The Snow Queen at Bristol’s Tobacco Factory Theatre

Theatre Review: the Snow Queen. Tobacco Factory Theatre, Bristol

‘I don’t believe in magic anymore,’ snapped Gerda’s friend Kaj, after a splinter of the evil Troll’s mirror entered his eye – and the children in the audience loved it as he went into a massive sulk stomping about the Tobacco Factory Theatre’s stage. One moment a morose teenager the next a crow or a robber Joey Hickman slipped seamlessly into contrasting characters along with the ensemble cast. It was this ability of all the cast of the Tobacco Factory’s The Snow Queen to flip in and out of character that grips from the moment the Narrator (Abayomi Oniyde) pulled a sleigh into the space at the theatre. A cast of all the talents as they switched between roles, playing various musical instruments and creating a theatrical body greater than the sum of its parts.

Cast clockwise is Stefanie Mueller, Samantha Sutherland, Natisha Williams, Abayomi Oniyide, Joey Hickman and Alex Murdoch

Joey Hickman as Kaj and Natisha Williams as Gerda were the dark and light, the positive and the negative at the heart of Hans Christian Anderson’s Christian morality fairy tale about friendship and helping each other. They took the audience on a journey of redemption and forgiveness reminding us all to be good and kind and to help others. Alex Murdoch (robber child), Samantha Sutherland (Aunt Rose) and Stefanie Mueller (the eponymous Snow Queen in her sleek white gown with its long poet sleeves) completed the troupe delighting the packed house with song, movement, visual wit, humour and storytelling.

Director Alex Byrne together with assistant Sophie Cottle created a masterclass of creative drama with special mention to Kasia Zaremba-Byrne’s choreography and movement. From the over excited crows in their mortar boards and black gowns or the grumpy and kindly reindeer, to the penny-short-of-a-shilling robbers who planned to turn Gerda into a stew, each story was unfolded with creativity and originality. All soaked up by the family audience (including the very young) who joined in Joey Hickman’s songs and some of Rina Vergano’s words as the cast made friends with those willing to engage.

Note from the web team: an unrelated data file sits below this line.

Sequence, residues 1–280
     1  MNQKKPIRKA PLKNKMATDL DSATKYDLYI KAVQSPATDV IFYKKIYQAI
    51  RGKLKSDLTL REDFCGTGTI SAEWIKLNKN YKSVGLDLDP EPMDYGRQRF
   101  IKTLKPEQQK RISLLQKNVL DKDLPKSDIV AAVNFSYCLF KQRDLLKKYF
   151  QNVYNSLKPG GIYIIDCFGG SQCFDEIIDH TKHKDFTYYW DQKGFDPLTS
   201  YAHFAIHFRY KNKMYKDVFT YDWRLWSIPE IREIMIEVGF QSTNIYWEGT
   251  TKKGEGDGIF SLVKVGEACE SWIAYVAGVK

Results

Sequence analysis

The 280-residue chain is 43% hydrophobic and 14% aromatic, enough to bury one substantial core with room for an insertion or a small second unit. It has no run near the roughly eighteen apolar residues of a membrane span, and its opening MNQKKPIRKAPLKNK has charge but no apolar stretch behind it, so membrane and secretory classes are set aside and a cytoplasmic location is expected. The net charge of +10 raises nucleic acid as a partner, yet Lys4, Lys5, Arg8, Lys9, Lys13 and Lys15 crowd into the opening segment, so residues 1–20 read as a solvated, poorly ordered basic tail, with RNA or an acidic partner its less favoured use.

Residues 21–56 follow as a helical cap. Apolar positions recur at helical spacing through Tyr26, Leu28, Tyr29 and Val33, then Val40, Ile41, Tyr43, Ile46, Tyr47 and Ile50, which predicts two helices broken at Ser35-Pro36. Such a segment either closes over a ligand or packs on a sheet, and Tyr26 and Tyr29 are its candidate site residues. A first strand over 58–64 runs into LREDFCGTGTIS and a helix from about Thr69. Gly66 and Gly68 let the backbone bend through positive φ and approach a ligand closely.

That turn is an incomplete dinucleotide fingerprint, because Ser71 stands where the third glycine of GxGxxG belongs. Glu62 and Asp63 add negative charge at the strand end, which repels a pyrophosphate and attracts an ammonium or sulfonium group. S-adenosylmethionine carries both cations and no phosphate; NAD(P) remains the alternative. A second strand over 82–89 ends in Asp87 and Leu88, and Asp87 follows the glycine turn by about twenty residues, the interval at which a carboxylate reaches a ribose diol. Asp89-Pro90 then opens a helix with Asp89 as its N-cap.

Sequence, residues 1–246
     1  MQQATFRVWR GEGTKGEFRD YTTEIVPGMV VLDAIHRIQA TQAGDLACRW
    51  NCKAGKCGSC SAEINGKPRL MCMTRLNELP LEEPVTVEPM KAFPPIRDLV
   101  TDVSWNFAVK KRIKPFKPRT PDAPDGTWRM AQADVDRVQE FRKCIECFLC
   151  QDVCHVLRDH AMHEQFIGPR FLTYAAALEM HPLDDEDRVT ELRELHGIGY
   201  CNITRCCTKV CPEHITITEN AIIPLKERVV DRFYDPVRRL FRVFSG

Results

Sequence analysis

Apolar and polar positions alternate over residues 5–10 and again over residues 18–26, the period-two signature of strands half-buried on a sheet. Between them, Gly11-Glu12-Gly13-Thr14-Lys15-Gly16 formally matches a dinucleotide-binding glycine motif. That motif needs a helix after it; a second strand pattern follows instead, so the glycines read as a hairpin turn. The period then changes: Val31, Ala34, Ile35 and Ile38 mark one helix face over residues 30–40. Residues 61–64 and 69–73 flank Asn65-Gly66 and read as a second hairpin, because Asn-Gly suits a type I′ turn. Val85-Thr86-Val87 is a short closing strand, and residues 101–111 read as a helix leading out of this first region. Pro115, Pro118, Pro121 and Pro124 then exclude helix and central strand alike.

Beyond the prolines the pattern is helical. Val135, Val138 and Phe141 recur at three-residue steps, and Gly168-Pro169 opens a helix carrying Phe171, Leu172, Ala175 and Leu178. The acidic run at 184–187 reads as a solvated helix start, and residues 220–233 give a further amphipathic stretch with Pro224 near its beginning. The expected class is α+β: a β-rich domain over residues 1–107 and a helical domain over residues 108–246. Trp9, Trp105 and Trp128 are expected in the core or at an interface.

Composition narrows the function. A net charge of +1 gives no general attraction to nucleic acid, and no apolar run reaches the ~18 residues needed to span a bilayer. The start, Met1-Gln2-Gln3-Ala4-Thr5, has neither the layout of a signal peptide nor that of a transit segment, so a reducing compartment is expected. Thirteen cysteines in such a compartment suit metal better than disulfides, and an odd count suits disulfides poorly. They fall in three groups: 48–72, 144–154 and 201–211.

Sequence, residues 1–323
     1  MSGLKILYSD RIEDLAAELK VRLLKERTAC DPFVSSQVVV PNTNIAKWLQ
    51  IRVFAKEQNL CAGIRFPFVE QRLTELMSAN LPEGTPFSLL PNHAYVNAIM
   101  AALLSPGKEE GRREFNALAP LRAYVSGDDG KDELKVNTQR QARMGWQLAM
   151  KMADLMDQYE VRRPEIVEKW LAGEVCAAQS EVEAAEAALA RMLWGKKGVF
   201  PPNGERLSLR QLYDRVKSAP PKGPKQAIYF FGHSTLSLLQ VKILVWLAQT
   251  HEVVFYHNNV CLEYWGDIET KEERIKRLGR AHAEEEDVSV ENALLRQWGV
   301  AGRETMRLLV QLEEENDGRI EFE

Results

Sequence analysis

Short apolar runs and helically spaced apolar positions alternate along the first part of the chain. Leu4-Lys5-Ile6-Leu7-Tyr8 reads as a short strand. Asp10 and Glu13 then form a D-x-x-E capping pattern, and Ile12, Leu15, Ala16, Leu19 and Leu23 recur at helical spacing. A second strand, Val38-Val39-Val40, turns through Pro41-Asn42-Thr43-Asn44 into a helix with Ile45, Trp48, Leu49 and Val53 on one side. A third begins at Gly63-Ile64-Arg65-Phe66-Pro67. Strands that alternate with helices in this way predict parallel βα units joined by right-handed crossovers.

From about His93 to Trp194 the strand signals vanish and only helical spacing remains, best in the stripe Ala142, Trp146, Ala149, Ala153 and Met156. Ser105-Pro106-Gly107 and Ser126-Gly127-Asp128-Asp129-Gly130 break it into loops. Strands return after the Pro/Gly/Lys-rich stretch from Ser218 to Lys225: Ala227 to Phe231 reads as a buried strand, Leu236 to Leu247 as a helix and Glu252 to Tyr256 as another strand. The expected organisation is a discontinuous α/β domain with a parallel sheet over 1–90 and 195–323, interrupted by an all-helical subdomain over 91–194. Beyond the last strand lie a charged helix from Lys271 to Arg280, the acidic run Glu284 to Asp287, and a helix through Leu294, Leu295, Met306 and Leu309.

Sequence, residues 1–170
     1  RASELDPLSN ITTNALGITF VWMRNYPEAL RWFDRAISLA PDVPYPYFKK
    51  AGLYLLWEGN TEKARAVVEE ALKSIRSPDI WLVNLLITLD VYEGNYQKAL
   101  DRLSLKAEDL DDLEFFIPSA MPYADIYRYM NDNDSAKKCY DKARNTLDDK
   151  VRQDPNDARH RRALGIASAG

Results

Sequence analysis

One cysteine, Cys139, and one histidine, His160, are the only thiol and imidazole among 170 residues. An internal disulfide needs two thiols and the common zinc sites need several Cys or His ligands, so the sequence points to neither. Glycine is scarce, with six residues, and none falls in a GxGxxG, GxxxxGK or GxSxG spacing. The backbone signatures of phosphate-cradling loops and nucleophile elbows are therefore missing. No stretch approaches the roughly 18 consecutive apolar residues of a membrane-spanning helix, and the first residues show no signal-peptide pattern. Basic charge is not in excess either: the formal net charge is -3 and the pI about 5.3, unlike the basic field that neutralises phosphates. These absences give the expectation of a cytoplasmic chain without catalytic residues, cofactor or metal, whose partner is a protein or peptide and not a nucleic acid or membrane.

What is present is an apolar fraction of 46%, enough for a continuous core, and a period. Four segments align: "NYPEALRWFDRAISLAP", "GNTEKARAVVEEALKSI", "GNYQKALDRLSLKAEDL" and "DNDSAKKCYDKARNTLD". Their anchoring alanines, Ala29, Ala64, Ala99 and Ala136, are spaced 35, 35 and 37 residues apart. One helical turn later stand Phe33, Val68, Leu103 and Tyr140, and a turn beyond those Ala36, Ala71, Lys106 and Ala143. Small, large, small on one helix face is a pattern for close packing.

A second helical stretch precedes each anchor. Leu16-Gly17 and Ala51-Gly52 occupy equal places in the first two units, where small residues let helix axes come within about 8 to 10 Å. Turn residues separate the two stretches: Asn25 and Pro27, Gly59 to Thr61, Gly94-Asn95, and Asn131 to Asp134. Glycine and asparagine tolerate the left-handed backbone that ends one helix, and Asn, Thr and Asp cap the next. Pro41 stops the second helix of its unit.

A multi-purpose sleigh is used as a door and a den during the show

Coupled with evocative lighting by Trui Malten and Jon Fiber’s sound and Dean Sudron’s production values this is a triumph of live theatre in the round. Whether it was ebullient Abayomi Oniyde’s narrator bookending the show or the frankly disturbingly creepy Aunty Rose (Samantha Sutherland) or a wonderfully innocent and unaffected Gerda as she flies to the North Pole on a bicycle made for two, this is a five star show that delights and inspires. It’s what live theatre at its best is all about.

Harry Mottram

The show runs to January 15, 2023.

For tickets and more details visit


The Snow Queen is a Tobacco Factory Theatres, New International Encounter and Cambridge Junction co-production.